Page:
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One hundred and fifty-five thousand meters in ten states are still without power from the grid as a result of storms that occurred at the end of June.  The household occupants and business owners relying on these meters sweltered and tallied up the impacts of losses caused by that lack of power. Predictably, there were immediate calls for undergrounding all lines to ensure that future storms do not cause the widespread and lengthy disruptions that occurred in those states and Washington, DC.  To do that in the nation’s capital is estimated to cost between $5 million to $15 million per mile.  And even undergrounded lines can still suffer disruptions.  As noted in last week’s article, we need to think quite differently about how to design and deploy the Smart Grid to gracefully respond to disruptions.

Our 20th century grid, designed for centralized electricity generation and remote transmission, can benefit from new Smart Grid technologies that deliver resiliency through distributed generation for local consumption.  Resiliency is a term that is often associated with self-healing communications networks.  It describes the intelligent and automated ability to find alternate paths to transmit signals if a specific route is blocked.  From conceptual and practical perspectives, resiliency focuses on prioritized recovery of service during and after disruptions.  The Departments of Energy (DOE) and Homeland Security (DHS) made a start in this direction to identify vulnerabilities and develop a strategy for “designing, installing, and maintaining a resilient energy delivery system capable of surviving a cyber incident while sustaining critical functions.”  The DOE’s Office of Electricity’s Infrastructure Security and Energy Restoration Division (ISER) is also engaged in research in “energy assurance” – looking at security, resiliency and survivability of key energy assets and critical energy infrastructure.

Engineering a Smart Grid with resiliency is essential to address disruptions caused by cyberattack.  But the government’s focus should expand beyond its limited grid infrastructure and cyber security orientation for economic as well as homeland security reasons.  As the recent storm-related outages have amply demonstrated, our grid is exceptionally vulnerable due to its reliance on wireline transmission and distribution of electricity from centralized generation assets.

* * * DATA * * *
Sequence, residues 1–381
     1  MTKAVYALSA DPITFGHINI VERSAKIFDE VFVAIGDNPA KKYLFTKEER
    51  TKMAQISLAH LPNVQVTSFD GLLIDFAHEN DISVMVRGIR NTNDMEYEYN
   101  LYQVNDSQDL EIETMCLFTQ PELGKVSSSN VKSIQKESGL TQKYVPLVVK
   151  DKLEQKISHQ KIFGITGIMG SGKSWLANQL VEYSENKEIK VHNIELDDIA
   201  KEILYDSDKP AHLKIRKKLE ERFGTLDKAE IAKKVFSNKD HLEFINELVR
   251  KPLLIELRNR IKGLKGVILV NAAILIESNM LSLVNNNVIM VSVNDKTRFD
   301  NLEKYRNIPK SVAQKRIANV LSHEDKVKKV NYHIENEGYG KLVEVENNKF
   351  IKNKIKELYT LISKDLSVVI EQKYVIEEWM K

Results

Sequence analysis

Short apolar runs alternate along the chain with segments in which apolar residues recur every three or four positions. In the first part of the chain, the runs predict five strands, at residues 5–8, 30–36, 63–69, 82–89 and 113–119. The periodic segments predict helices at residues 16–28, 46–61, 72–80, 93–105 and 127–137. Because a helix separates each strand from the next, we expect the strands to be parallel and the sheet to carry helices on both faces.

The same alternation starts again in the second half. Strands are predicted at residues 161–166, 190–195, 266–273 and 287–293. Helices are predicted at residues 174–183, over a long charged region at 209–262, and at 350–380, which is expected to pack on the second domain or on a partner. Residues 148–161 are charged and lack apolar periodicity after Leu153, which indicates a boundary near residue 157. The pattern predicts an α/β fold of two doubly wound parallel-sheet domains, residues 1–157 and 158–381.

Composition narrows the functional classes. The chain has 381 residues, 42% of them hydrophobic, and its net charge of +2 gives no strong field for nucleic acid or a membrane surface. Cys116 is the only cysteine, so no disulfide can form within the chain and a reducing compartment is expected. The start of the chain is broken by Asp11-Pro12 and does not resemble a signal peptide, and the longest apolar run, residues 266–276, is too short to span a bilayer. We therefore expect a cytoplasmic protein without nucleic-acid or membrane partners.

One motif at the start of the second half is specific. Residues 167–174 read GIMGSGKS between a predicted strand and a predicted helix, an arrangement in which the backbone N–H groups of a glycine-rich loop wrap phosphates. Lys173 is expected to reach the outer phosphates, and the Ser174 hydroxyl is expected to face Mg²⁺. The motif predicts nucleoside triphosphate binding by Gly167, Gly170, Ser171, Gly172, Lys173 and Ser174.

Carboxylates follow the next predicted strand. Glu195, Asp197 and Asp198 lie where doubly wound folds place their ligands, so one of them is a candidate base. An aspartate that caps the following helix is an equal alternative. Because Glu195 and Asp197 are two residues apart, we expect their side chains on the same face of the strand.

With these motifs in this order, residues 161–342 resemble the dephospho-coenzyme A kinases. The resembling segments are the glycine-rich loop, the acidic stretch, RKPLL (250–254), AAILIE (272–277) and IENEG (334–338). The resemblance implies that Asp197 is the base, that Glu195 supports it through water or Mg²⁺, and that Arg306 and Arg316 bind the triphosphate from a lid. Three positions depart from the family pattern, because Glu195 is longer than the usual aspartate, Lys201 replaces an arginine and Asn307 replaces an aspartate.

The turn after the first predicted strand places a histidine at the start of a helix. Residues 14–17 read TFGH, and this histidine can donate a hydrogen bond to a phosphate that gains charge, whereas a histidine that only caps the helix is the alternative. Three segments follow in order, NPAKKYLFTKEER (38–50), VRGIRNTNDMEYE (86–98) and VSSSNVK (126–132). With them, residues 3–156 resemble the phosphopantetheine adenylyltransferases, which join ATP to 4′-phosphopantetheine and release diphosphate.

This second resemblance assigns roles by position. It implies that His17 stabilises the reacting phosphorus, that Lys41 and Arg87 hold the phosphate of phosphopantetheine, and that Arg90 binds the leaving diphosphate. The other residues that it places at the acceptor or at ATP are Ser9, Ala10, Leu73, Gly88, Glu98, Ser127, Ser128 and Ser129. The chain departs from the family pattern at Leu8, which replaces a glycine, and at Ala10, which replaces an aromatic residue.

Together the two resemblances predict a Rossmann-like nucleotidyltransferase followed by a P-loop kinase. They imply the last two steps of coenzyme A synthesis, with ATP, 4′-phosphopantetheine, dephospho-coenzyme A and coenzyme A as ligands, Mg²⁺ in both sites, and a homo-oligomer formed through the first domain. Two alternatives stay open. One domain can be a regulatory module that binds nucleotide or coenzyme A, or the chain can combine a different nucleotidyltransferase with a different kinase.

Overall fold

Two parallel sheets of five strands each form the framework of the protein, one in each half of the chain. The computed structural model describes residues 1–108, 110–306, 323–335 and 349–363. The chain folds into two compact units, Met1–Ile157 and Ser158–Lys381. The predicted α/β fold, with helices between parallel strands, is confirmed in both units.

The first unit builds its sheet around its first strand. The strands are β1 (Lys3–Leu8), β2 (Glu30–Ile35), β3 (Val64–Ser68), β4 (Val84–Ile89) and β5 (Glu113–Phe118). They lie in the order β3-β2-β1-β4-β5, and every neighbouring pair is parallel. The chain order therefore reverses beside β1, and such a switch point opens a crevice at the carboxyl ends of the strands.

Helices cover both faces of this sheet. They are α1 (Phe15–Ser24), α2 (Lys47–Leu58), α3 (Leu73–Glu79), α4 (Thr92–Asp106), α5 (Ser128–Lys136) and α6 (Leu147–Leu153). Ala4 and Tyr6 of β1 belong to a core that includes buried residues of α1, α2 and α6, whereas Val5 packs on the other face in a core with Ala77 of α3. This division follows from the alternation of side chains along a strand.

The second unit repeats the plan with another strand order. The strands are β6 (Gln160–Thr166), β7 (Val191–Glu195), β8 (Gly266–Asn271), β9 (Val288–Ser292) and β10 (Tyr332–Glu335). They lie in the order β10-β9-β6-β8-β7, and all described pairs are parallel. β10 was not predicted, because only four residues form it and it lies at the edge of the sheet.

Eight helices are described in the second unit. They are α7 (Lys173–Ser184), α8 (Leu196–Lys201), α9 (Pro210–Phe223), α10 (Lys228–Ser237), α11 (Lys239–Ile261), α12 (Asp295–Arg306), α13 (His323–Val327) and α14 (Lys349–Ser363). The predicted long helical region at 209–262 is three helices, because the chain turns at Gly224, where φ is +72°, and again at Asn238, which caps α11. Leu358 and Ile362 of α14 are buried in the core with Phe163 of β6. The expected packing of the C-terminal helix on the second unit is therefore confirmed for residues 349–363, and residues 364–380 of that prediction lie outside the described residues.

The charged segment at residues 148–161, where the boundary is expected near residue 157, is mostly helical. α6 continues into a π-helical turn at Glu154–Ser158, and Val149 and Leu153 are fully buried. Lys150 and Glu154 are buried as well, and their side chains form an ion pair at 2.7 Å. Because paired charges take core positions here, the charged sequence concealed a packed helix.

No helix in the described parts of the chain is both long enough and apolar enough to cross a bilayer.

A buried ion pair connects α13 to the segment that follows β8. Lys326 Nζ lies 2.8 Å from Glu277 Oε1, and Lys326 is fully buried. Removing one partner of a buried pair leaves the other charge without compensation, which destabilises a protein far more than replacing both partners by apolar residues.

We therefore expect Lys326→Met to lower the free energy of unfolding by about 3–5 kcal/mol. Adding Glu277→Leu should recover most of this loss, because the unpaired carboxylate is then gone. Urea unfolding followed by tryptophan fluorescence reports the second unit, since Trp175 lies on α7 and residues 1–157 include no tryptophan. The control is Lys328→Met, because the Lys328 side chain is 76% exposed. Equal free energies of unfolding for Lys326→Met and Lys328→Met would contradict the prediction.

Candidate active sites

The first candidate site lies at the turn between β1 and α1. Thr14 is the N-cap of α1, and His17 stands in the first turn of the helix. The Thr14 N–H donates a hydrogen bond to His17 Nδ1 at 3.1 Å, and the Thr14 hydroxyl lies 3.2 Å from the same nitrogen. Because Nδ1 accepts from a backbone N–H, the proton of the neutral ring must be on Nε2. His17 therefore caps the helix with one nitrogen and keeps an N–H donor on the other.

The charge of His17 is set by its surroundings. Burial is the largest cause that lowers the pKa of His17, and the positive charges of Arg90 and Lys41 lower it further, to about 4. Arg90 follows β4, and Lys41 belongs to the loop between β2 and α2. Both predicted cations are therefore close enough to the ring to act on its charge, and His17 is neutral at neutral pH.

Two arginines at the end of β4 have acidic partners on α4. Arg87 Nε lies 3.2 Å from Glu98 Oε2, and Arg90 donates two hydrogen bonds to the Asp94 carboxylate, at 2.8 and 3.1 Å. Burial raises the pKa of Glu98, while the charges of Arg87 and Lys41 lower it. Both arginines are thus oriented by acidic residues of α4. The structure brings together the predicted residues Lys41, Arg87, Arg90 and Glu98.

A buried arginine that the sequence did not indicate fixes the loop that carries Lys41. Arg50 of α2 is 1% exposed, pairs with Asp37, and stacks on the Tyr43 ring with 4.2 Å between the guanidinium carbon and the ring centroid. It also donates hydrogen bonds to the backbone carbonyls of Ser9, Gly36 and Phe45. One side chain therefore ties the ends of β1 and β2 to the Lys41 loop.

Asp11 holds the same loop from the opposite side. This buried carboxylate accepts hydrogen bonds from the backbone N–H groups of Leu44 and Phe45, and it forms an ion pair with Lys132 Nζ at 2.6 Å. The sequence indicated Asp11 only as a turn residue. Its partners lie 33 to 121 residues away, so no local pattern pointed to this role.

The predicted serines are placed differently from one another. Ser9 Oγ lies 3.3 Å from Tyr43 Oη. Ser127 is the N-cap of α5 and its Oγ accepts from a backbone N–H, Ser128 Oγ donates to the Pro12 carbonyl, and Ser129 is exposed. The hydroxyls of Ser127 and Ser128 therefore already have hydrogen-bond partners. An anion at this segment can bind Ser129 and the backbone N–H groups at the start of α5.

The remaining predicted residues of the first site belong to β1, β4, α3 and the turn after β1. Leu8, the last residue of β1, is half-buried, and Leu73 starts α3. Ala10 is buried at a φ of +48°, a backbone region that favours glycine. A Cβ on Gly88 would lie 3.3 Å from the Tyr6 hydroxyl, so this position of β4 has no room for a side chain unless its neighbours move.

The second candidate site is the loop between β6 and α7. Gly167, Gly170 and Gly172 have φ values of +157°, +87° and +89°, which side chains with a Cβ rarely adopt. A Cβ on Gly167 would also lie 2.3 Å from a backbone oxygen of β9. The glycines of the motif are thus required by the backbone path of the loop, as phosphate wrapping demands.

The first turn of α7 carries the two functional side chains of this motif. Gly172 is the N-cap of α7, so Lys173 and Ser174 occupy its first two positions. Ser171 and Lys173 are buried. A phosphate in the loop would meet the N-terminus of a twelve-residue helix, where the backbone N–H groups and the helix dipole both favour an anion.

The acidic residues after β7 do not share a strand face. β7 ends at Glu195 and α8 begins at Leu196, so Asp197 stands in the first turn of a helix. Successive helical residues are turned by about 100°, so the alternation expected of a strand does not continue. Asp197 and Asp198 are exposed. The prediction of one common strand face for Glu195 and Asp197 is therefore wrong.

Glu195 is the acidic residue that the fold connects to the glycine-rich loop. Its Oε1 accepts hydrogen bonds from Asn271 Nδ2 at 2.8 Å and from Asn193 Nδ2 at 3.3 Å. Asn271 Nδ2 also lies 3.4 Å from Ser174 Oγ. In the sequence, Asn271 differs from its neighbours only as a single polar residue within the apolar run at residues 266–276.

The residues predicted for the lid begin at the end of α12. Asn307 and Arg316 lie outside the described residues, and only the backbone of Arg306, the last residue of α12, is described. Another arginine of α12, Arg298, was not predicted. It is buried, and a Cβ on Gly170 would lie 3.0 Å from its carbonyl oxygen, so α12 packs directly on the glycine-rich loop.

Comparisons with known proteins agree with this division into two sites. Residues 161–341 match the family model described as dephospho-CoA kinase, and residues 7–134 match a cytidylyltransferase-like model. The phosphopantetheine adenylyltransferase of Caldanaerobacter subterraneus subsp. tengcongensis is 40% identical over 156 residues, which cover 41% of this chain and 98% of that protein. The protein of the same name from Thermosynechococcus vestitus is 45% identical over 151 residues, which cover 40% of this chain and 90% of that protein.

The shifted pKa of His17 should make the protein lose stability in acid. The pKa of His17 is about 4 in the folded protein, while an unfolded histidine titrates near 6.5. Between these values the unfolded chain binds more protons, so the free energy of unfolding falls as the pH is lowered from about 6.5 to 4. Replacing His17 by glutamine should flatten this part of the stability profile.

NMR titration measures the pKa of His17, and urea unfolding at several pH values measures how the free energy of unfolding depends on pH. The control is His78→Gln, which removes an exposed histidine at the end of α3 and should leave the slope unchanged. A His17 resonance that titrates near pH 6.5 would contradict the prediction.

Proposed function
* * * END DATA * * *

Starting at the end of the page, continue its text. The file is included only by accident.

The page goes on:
Microgrids, distributed energy resources (DER), and distributed microgeneration can help maintain minimized electric service at a hyperlocal level.  The Solar Energy Technologies Program is researching the systems integration challenges and opportunities of wide scale, distributed solar assets tied to the grid.   Increasingly sophisticated grid management software and communications networks that connect DER assets to utility operations centers present interesting opportunities to inject resiliency into the Smart Grid.  With these technologies, it is possible to react to disruptions in the distribution grid and activate commands to DER assets that allocate at least minimal levels of electricity to local connections.  However, we need new regulatory policies and metrics that encourage utilities and consumers – both residential and business – to invest in these solutions to build resiliency as well as reliability into the Smart Grid.  For instance, Germany created a feed-in tariff (FiT) that applies to combined heat and power (CHP)deployments to encourage investments in these extremely energy efficient solutions.

Similar policies in the USA could encourage deployment of grid-tied microgrids and other DER assets, just as existing FiTs have spurred rooftop solar deployments.  A resilient grid based on widespread DER with prioritized delivery could help “keep the lights on” for more customers despite disruptions caused by weather or human factors.

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